|Differentiation of somatic mitochondria and the structural changes in mtDNA during development of the dicyemid Dicyema japonicum (Mesozoa).|
Awata H, Noto T, Endoh H
Molecular Genetics and Genomics (2005)
Category: mitochondria-biogenesis, mitochondria-inheritance, mitochondrial DNA ¤ Added: Aug 03, 2005 ¤ Rating: ◊◊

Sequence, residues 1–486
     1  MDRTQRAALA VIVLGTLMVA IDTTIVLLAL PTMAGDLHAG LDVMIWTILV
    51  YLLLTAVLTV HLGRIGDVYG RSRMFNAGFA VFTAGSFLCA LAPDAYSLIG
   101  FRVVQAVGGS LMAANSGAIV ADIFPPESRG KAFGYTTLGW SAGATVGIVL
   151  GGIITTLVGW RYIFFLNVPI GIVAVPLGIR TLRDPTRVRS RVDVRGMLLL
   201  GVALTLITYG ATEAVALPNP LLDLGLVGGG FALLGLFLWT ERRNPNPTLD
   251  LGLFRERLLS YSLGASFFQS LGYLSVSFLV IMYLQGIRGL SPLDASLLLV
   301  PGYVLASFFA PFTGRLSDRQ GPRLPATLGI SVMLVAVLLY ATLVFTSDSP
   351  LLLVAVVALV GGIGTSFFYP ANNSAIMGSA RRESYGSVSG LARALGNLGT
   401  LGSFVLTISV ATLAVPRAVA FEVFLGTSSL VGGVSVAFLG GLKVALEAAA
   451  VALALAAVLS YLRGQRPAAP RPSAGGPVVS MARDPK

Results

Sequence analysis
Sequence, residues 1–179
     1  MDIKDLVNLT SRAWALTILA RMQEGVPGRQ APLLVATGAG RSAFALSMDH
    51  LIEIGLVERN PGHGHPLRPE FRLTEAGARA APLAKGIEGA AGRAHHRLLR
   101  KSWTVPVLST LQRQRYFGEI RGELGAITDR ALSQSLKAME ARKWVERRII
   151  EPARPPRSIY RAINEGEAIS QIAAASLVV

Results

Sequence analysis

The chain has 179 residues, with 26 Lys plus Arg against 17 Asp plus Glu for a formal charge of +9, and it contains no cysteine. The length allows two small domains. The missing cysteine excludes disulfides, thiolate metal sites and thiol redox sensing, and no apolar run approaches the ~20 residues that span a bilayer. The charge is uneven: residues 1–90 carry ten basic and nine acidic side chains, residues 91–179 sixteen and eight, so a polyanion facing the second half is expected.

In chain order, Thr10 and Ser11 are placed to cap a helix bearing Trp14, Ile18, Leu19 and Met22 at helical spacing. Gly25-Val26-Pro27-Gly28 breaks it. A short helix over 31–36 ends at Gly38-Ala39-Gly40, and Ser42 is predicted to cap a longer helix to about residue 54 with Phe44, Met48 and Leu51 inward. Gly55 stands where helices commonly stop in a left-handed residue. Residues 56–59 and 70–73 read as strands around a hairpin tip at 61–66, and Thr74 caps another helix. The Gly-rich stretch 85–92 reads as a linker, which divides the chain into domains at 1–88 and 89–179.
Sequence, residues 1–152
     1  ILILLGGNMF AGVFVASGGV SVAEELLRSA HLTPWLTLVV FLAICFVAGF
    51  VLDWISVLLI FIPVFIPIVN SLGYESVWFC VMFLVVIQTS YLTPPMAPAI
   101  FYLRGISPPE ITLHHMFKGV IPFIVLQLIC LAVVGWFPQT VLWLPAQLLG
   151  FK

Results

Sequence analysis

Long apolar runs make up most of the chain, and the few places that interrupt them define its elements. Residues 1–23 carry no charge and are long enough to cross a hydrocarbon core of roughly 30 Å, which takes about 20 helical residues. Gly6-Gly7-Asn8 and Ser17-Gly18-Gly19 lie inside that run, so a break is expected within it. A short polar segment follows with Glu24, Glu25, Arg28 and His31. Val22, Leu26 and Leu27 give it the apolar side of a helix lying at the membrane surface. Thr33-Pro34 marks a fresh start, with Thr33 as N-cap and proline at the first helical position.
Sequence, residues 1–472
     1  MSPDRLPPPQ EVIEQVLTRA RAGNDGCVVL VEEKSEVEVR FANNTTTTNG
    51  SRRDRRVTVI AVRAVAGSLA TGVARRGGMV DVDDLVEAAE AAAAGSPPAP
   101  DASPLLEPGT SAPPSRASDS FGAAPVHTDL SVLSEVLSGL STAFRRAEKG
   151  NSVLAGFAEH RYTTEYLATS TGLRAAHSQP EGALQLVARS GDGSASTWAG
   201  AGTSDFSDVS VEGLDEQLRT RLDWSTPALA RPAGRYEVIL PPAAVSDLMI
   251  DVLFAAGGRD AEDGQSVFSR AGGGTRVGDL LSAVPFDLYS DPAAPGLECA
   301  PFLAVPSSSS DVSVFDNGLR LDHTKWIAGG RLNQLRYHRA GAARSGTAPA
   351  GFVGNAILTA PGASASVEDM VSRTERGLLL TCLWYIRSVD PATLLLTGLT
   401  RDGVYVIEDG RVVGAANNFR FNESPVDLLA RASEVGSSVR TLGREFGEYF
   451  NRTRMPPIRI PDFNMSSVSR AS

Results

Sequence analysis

Dicyemids (Mesozoa) are extremely simple multicellular parasites found in the kidneys of cephalopods. Their mitochondria are known to contain single-gene minicircle DNAs. However, it is not known if the minicircles represent the sole form of mitochondrial genome in these organisms. Here we demonstrate that high-molecular-weight (HMW) mtDNA is present in dicyemids. This form of mtDNA is probably limited to germ cells, and has been analyzed by PCR and Southern hybridization. In situ hybridization revealed that mtDNA is initially amplified during early embryogenesis, and then gradually decreases in copy number as larval development proceeds. Furthermore, we demonstrated using BrdU as a tracer that many of the mitochondria in terminally differentiated somatic cells no longer support DNA synthesis. Taking these observations into account, we propose an "amplification-dilution" model for mesozoan mtDNA. "Stem" mitochondria in the germ cells (1) amplify the HMW form of mtDNA in early embryos, followed by minicircle formation via DNA rearrangement, or (2) selectively replicate minicircles from the HMW DNA, concomitantly with the differentiation of the soma. Minicircle formation may itself lead to the loss of replication origins. Thereafter, the minicircles are simply distributed to daughter mitochondria without replication, resulting in the "somatic" mitochondria, which have lost the replicative form of the HMW mtDNA. The change in mtDNA configuration is discussed in relation to mitochondrial differentiation.